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Old 04-29-2006, 04:03 PM   #16
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Do you guys honestly think they run those "Pro" motors on a dyno? Think about how many motors they produce in a day, and think about how long it would take to put each motor on the dyno then print out the little sticker.
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Old 04-29-2006, 04:37 PM   #17
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Do you guys honestly think they run those "Pro" motors on a dyno?
I used to!
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Old 04-29-2006, 05:10 PM   #18
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As far as having no solder on the tab... you can connect the leads from the dyno straight to the brush shunt, and get full power. We often break our motors in that way... If you are racing stock, you need to be learning as much as you can about tuning a motor yourself. The second you take the motor apart, its no longer a "pro" edition. People get a false sense of security from buying a "pro" rather than a standard. Being able to tune the motor to the type of vehicle you are driving, and to the track you are running on is vital. EddieO, Peter, Garrett and the guys at Br00d build up the motor, and make sure there are no factory defects. I've had new motors come straight from trinity with egg-shaped comm's. It's just a fact, the motors are built by humans... So, just make sure you aren't falling into the trap of relying on a "pro" edition to get you around the track... IMO a pro simply lets you run the motor a couple times right out of the package before having to rebuild it, rather than going through it right from the get-go. Being able to tune brushes, springs, alignment etc.. is what will win you races in the long run, not buying a pro version.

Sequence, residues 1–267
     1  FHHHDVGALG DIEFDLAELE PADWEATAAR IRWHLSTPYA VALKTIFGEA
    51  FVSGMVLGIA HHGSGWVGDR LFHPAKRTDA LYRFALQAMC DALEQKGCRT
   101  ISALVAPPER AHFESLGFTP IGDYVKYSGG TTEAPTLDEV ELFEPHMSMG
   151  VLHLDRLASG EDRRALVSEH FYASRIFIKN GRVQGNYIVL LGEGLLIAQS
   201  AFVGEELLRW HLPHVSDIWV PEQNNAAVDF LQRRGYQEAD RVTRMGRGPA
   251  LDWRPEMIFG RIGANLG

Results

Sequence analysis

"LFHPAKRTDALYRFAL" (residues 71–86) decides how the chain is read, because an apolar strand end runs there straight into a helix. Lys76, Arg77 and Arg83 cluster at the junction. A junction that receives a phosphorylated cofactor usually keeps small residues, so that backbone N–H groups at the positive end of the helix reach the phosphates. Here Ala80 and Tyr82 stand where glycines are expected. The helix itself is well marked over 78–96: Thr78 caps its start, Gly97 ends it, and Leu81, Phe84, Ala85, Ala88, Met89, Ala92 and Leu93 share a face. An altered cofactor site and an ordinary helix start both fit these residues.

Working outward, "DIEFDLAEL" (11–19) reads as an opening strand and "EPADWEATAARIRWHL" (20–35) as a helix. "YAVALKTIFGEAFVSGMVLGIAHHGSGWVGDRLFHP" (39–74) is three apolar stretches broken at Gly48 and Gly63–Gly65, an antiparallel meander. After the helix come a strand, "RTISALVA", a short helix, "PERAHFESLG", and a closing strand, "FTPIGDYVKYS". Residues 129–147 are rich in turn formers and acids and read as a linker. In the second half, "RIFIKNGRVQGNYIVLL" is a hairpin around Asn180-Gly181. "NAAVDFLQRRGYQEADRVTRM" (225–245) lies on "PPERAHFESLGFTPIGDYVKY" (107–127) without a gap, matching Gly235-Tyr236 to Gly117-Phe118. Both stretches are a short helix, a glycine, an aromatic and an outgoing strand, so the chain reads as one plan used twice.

-Brett
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Old 04-29-2006, 05:43 PM   #19
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Originally Posted by BrettBowen
If you are racing stock, you need to be learning as much as you can about tuning a motor yourself.

-Brett
Oh believe me, I put $200 into lathe equipment for that very reason. I'm stocked up on brushes, springs, lubes, motor gidgets and gadgets. I'm all over that.

But one thing I do expect from a "Pro" motor - especially one that is claimed to have been tuned - is for it to be assembled.

I definitely don't expect it to compete with the Br00ds, Birdman's, etc., or even one of my own (once I learn the in's and out's, that is). I just want it to be put together .
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Old 04-29-2006, 05:47 PM   #20
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very true.i personally prefer teardown motors so i can use my preferred brushes and springs.you still need to size the bushings,allign the hoods and shim the arm.i like to do this myself.you need to understand that stock motors are so picky when it comes to performance.if trinity or any of the motor tuners were to spend the time doing these things to every motor that went out,they would lose there shirts.all the motor tuners out there use there own personal favorite brush spring combo and will set you up with the right combo for your application.the motor will be right for the 2-4 runs before it needs to be rebuilt.it pays to fiddle with the motors and learn about them so you can duplicate or enhance the motor you have.i know that the tuners do offer rebuilds and that will help greatly if you have the time to send it back but if your like me,i am always rebuilding my motor at the track.no time for me to have anyone else do it for me.plus,i like doing it.its part of the fun.
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